Adventure With Beryl Coronet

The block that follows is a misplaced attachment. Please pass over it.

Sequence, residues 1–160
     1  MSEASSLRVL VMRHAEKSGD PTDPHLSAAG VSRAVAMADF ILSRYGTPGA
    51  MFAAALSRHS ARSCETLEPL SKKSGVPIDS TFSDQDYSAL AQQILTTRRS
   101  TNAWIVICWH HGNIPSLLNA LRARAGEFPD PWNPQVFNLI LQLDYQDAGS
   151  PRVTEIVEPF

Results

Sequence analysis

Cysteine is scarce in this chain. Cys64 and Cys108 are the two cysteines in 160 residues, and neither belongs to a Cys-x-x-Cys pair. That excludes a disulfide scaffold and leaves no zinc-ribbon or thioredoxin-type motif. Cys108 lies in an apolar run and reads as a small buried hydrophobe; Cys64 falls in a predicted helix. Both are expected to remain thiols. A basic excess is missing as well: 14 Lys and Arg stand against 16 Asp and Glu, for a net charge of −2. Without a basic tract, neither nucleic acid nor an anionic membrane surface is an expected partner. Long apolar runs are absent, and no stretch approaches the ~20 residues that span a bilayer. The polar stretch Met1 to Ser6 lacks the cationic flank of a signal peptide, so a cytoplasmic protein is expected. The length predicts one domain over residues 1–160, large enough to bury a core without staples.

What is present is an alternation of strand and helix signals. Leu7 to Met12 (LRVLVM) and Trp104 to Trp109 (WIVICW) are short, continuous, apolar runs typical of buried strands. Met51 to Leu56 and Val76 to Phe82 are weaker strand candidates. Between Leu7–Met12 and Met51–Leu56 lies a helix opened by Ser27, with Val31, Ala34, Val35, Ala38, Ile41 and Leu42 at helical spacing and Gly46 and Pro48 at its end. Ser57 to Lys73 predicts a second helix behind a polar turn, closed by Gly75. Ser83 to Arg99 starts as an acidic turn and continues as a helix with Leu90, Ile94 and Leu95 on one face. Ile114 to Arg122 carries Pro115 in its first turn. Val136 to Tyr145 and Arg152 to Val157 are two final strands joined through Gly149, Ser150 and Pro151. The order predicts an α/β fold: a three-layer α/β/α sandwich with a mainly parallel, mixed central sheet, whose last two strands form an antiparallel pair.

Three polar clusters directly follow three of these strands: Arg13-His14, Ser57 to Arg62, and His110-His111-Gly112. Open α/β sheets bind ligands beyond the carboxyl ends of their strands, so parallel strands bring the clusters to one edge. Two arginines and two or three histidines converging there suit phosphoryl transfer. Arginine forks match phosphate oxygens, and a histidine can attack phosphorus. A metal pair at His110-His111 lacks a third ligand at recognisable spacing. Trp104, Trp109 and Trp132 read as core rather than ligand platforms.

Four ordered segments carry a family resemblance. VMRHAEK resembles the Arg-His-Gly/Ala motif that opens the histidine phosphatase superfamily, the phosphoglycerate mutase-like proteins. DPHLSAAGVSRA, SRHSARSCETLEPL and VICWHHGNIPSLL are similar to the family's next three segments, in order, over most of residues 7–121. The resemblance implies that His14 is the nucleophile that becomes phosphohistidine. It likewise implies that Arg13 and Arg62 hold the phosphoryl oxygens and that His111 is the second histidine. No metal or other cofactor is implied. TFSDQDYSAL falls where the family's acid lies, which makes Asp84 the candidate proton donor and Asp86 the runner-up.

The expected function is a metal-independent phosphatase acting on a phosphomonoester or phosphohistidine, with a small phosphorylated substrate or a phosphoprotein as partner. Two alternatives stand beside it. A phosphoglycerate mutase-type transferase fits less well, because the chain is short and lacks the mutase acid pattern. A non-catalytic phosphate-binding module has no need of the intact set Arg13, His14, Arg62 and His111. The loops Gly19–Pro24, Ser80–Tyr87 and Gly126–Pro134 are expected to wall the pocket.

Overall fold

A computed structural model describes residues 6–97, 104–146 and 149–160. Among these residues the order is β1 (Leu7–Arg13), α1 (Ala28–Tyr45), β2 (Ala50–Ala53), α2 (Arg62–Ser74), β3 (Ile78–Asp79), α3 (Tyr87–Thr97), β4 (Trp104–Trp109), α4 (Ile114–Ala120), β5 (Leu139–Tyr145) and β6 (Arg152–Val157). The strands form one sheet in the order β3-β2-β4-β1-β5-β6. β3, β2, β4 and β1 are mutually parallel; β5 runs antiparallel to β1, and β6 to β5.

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  The Adventure of the Beryl Coronet Holmes, said I as I stood one morning in our bow-windowlooking down the street, here is a madman coming along. Itseems rather sad that his relatives should allow him to come outalone. My friend rose lazily from his armchair and stood with hishands in the pockets of his dressing-gown, looking over myshoulder. It was a bright, crisp February morning, and the snowof the day before still lay deep upon the ground, shimmeringbrightly in the wintry sun. Down the centre of Baker Street it hadbeen ploughed into a brown crumbly band by the traffic, but ateither side and on the heaped-up edges of the foot-paths it stilllay as white as when it fell. The gray pavement had been cleanedand scraped, but was still dangerously slippery, so that therewere fewer passengers than usual. Indeed, from the direction ofthe Metropolitan Station no one was coming save the singlegentleman whose eccentric conduct had drawn my attention.He was a man of about fifty, tall, portly, and imposing, with amassive, strongly marked face and a commanding figure. Hewas dressed in a sombre yet rich style, in black frock-coat,shining hat, neat brown gaiters, and well-cut pearl-gray trousers.Yet his actions were in absurd contrast to the dignity of his dressand features, for he was running hard, with occasional littlesprings, such as a weary man gives who is little accustomed toset any tax upon his legs. As he ran he jerked his hands up anddown, waggled his head, and writhed his face into the mostextraordinary contortions. What on earth can be the matter with him? I asked. He islooking up at the numbers of the houses. I believe that he is coming here, said Holmes, rubbing hishands . Here? Yes; I rather think he is coming to consult me professionally.I think that I recognize the symptoms. Ha! did I not tell you? As he spoke, the man, puffing and blowing, rushed at our doorand pulled at our bell until the whole house resounded with theclanging.A few moments later he was in our room, still puffing, stillgesticulating, but with so fixed a look of grief and despair in hiseyes that our smiles were turned in an instant to horror and pity.For a while he could not get his words out, but swayed his bodyand plucked at his hair like one who has been driven to theextreme limits of his reason. Then, suddenly springing to hisfeet, he beat his head against the wall with such force that weboth rushed upon him and tore him away to the centre of theroom. Sherlock Holmes pushed him down into the easy-chairand, sitting beside him, patted his hand and chatted with him inthe easy, soothing tones which he knew so well how to employ. You have come to me to tell your story, have you not? saidhe. You are fatigued with your haste. Pray wait until you haverecovered yourself, and then I shall be most happy to look intoany little problem which you may submit to me. The man sat for a minute or more with a heaving chest,fighting against his emotion. Then he passed his handkerchiefover his brow, set his lips tight, and turned his face towards us. No doubt you think me mad? said he.  I see that you have had some great trouble, respondedHolmes. Cod knows I have! -- a trouble which is enough to unseat myreason, so sudden and so terrible is it. Public disgrace I mighthave faced, although I am a man whose character has never yetborne a stain. Private affliction also is the lot of every man; butthe two coming together, and in so frightful a form, have beenenough to shake my very soul. Besides, it is not I alone. Thevery noblest in the land may suffer unless some way be foundout of this horrible affair. Pray compose yourself, sir, said Holmes, and let me havea clear account of who you are and what it is that has befallenyou. My name, answered our visitor, is probably familiar toyour ears. I am Alexander Holder, of the banking firm of Holder& Stevenson, of Threadneedle Street. The name was indeed well known to us as belonging to thesenior partner in the second largest private banking concern inthe City of London. What could have happened, then, to bringone of the foremost citizens of London to this most pitiable pass?We waited, all curiosity, until with another effort he bracedhimself to tell his story. I feel that time is of value, said he; that is why I hastenedhere when the police inspector suggested that I should secureyour cooperation. I came to Baker Street by the Undergroundand hurried from there on foot, for the cabs go slowly throughthis snow. That is why I was so out of breath, for I am a manwho takes very little exercise. I feel better now, and I will putthe facts before you as shortly and yet as clearly as I can. It is, of course, well known to you that in a successfulbanking business as much depends upon our being able to findremunerative investments for our funds as upon our increasingour connection and the number of our depositors. One of ourmost lucrative means of laying out money is in the shape ofloans, where the security is unimpeachable. We have done agood deal in this direction during the last few years, and thereare many noble families to whom we have advanced large sumsupon the security of their pictures, libraries, or plate. Yesterday morning I was seated in my office at the bankwhen a card was brought in to me by one of the clerks. I startedwhen I saw the name, for it was that of none other than -- well,perhaps even to you I had better say no more than that it was aname which is a household word all over the earth -- one of thehighest, noblest, most exalted names in England. I was over-whelmed by the honour and attempted, when he entered, to sayso, but he plunged at once into business with the air of a manwho wishes to hurry quickly through a disagreeable task. 'Mr. Holder,' said he, 'I have been informed that you are inthe habit of advancing money.' 'The firm does so when the security is good.' I answered.'' 'It is absolutely essential to me,' said he, 'that I shouldhave 50,000 pounds at once. I could, of course, borrow so trifling asum ten times over from my friends, but I much prefer to make ita matter of business and to carry out that business myself. In myposition you can readily understand that it is unwise to placeone's self under obligations.' 'For how long, may I ask, do you want this sum?' I asked.  'Next Monday I have a large sum due to me, and I shallthen most certainly repay what you advance, with whateverinterest you think it right to charge. But it is very essential to methat the money should be paid at once.' 'I should be happy to advance it without further parley frommy own private purse,' said I, 'were it not that the strain wouldbe rather more than it could bear. If, on the other hand, I am todo it in the name of the firm, then in justice to my partner I mustinsist that, even in your case, every businesslike precautionshould be taken.' 'I should much prefer to have it so,' said he, raising up asquare, black morocco case which he had laid beside his chair.'You have doubtless heard of the Beryl Coronet?' 'One of the most precious public possessions of the em-pire,' said I. 'Precisely.' He opened the case, and there, imbedded insoft, flesh-coloured velvet, lay the magnificent piece of jewellerywhich he had named. 'There are thirty-nine enormous beryls,'said he, 'and the price of the gold chasing is incalculable. Thelowest estimate would put the worth of the coronet at double thesum which I have asked. I am prepared to leave it with you asmy security.' I took the precious case into my hands and looked in someperplexity from it to my illustrious client. 'You doubt its value?' he asked. 'Not at all. I only doubt --' 'The propriety of my leaving it. You may set your mind atrest about that. I should not dream of doing so were it notabsolutely certain that I should be able in four days to reclaim it.It is a pure matter of form. Is the security sufficient?' 'Ample. ' 'You understand, Mr. Holder, that I am giving you a strongproof of the confidence which I have in you, founded upon allthat I have heard of you. I rely upon you not only to be discreetand to refrain from all gossip upon the matter but, above all, topreserve this coronet with every possible precaution because Ineed not say that a great public scandal would be caused if anyharm were to befall it. Any injury to it would be almost asserious as its complete loss, for there are no beryls in the worldto match these, and it would be impossible to replace them. Ileave it with you, however, with every confidence, and I shallcall for it in person on Monday morning.' Seeing that my client was anxious to leave, I said no morebut, calling for my cashier, I ordered him to pay over fifty1000 pound notes. When I was alone once more, however, with theprecious case lying upon the table in front of me, I could not butthink with some misgivings of the immense responsibility whichit entailed upon me. There could be no doubt that, as it was anational possession, a horrible scandal would ensue if any mis-fortune should occur to it. I already regretted having ever con-sented to take charge of it. However, it was too late to alter thematter now, so I locked it up in my private safe and turned oncemore to my work. When evening came I felt that it would be an imprudence toleave so precious a thing in the office behind me. Bankers' safeshad been forced before now, and why should not mine be? If so,how terrible would be the position in which I should find myself!  I determined, therefore, that for the next few days I wouldalways carry the case backward and forward with me, so thatit might never be really out of my reach. With this intention,I called a cab and drove out to my house at Streatham, carryingthe jewel with me. I did not breathe freely until I had taken itupstairs and locked it in the bureau of my dressing-room. And now a word as to my household, Mr. Holmes, for Iwish you to thoroughly understand the situation. My groom andmy page sleep out of the house, and may be set aside altogether.I have three maid-servants who have been with me a number ofyears and whose absolute reliability is quite above suspicion.Another, Lucy Parr, the second waiting-maid, has only been inmy service a few months. She came with an excellent character,however, and has always given me satisfaction. She is a verypretty girl and has attracted admirers who have occasionallyhung about the place. That is the only drawback which we havefound to her, but we believe her to be a thoroughly good girl inevery way. So much for the servants. My family itself is so small that itwill not take me long to describe it. I am a widower and have anonly son, Arthur. He has been a disappointment to me, Mr.Holmes -- a grievous disappointment. I have no doubt that Iam myself to blame. People tell me that I have spoiled him. Verylikely I have. When my dear wife died I felt that he was all I hadto love. I could not bear to see the smile fade even for a momentfrom his face. I have never denied him a wish. Perhaps it wouldhave been better for both of us had I been sterner, but I meant itfor the best. It was naturally my intention that he should succeed me inmy business, but he was not of a business turn. He was wild,wayward, and, to speak the truth, I could not trust him in thehandling of large sums of money. When he was young hebecame a member of an aristocratic club, and there, havingcharming manners, he was soon the intimate of a number of menwith long purses and expensive habits. He learned to play heav-ily at cards and to squander money on the turf, until he had againand again to come to me and implore me to give him an advanceupon his allowance, that he might settle his debts of honour. Hetried more than once to break away from the dangerous companywhich he was keeping, but each time the influence of his friend,Sir George Burnwell, was enough to draw him back again. And. indeed, I could not wonder that such a man as SirGeorge Bumwell should gain an influence over him, for he hasfrequently brought him to my house, and I have found myselfthat I could hardly resist the fascination of his manner. He isolder than Arthur, a man of the world to his finger-tips, one whohad been everywhere. seen everything, a brilliant talker, and aman of great personal beauty. Yet when I think of him in coldblood, far away from the glamour of his presence, I am con-vinced from his cynical speech and the look which I have caughtin his eyes that he is one who should be deeply distrusted. So Ithink, and so, too, thinks my little Mary, who has a woman'squick insight into character. And now there is only she to be described. She is my niece;but when my brother died five years ago and left her alone in theworld I adopted her, and have looked upon her ever since as mydaughter. She is a sunbeam in my house -- sweet, loving, beauti-